The White House called it “objectionable.” Donald Trump called it “a terrible thing.” The San Francisco Police Union called it “embarrassing.” An NFL executive called it “treason.”
Because Colin Kaepernick sat down during the national anthem.
Kaepernick, the backup quarterback for the San Francisco 49ers, decided that he’d deliver a silent protest over the way people of color are treated in America, especially by the cops.
Evidently, this sort of behavior hurts people’s feelings.
But that doesn’t mean Kaepernick should have stood up while “The Star-Spangled Banner” played. He’s part of a long history of American athletes publicly expressing opposition to injustice. In his autobiography, Jackie Robinson says he felt enormous ambivalence toward patriotic symbols. Remembering the 1947 World Series, he says: “I cannot stand and sing the anthem. I cannot salute the flag; I know that I am a black man in a white world. In 1972, in 1947, at my birth in 1919, I know that I never had it made.”
Muhammad Ali went to jail for refusing to serve in an American war: “Why should they ask me to put on a uniform and go 10,000 miles from home and drop bombs and bullets on Brown people in Vietnam while so-called Negro people in Louisville are treated like dogs and denied simple human rights? … The real enemy of my people is here.”
Tommie Smith and John Carlos, gold and bronze medal winners in the 200-yard dash, raised their fists during the U.S. national anthem at the 1968 Olympics.
You’d have thought they’d killed a bald eagle, fed it to a Russian bear and sung “The Internationale.” They were called “militants” and “black-skinned stormtroopers.” That last slur came courtesy of Brent Musberger, then a young sports reporter for the Chicago American, now noted for his on-air slobbering over good looking young women at college football games.
Let’s think about the “Star-Spangled Banner” for a minute. Most Americans have a notion that it’s somehow holy.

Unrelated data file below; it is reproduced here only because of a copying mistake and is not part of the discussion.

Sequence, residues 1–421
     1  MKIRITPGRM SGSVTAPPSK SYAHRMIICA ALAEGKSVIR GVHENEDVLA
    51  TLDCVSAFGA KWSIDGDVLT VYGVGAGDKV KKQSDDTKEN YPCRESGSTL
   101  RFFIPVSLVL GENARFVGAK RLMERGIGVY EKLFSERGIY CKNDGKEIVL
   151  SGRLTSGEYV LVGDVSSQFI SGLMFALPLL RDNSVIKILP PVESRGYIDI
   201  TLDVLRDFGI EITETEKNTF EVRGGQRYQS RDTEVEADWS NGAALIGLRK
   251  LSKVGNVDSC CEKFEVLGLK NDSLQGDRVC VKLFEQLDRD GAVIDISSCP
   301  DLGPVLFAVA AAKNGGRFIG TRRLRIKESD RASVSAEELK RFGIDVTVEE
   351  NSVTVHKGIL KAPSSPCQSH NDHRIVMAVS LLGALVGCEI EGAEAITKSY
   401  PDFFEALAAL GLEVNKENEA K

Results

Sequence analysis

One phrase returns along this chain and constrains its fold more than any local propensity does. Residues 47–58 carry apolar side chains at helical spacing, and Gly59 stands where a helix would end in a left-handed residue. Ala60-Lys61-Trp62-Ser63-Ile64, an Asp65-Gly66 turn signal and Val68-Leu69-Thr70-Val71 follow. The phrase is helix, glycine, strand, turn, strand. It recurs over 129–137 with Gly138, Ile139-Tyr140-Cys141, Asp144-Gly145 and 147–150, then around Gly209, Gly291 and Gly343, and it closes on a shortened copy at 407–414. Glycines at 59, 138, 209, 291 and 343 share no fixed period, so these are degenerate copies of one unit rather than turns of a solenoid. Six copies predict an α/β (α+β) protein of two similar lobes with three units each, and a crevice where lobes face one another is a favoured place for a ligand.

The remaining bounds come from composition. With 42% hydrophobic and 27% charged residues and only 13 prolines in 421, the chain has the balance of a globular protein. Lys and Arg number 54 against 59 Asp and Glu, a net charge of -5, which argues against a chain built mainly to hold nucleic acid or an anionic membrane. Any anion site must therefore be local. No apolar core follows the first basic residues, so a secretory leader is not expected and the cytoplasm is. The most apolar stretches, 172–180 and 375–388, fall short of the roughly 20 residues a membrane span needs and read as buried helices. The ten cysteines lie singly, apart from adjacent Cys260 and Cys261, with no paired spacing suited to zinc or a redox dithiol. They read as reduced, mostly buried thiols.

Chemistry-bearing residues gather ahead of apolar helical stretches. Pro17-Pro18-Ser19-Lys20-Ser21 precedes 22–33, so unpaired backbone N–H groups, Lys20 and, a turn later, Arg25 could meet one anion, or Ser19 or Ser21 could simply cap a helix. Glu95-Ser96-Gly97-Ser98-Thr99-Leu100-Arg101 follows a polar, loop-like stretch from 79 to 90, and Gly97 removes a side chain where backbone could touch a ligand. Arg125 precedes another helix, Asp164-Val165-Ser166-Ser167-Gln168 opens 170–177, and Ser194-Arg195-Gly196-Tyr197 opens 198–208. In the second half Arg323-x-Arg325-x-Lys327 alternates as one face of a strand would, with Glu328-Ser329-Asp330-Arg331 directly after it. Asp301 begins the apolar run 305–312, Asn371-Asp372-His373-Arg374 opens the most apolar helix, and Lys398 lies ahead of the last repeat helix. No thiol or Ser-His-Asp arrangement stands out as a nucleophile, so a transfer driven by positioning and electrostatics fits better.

The tune is from “To Anacreon in Heaven” — Anacreon was a Greek poet of the 5th century B.C. — sung by an 18th century London gentleman’s club, celebrating art, booze, and sex. The lyrics were famously composed by Francis Scott Key, inspired by the U.S. defense of Fort McHenry in 1814.
Key is himself a problematic figure: A Maryland slaveholder who spent much of his career as a lawyer working against abolitionists. And if you look at the third verse of “The Star-Spangled Banner” which, thank God, nobody ever sings, you’ll see that Key was royally pissed off at slaves who ran away and joined the British forces in return for liberation from bondage:
“No refuge could save the hireling and slave
“From the terror of flight or the gloom of the grave,
“And the star-spangled banner in triumph doth wave o’er the land of the free and the home of the brave.”
Ingrates. How could they prefer freedom to the fun of picking cotton and tobacco for no pay?
A lot of white people don’t understand that not everyone experiences America the way they do. In 1852, Frederick Douglass gave a speech called “What to the Slave is the 4th of July?”
To a slave, Douglass says, “your celebration is a sham; your boasted liberty, an unholy license; your national greatness, swelling vanity; your sound of rejoicing are empty and heartless; your denunciation of tyrants brass fronted impudence; your shout of liberty and equality, hollow mockery; your prayers and hymns, your sermons and thanks-givings, with all your religious parade and solemnity, are to him, mere bombast, fraud, deception, impiety, and hypocrisy.”
Saying the Pledge of Allegiance doesn’t mean you’re a good American. Hollering “USA! USA!” doesn’t mean you’re a good American. Sometimes good Americans burn the flag; sometimes they refuse to stand for the national anthem. Why not? Isn’t the ability to criticize your country the most American thing of all?
Diane Roberts’s book “Tribal: College Football and the Secret Heart of America” will be out in paperback this fall. She teaches at FSU.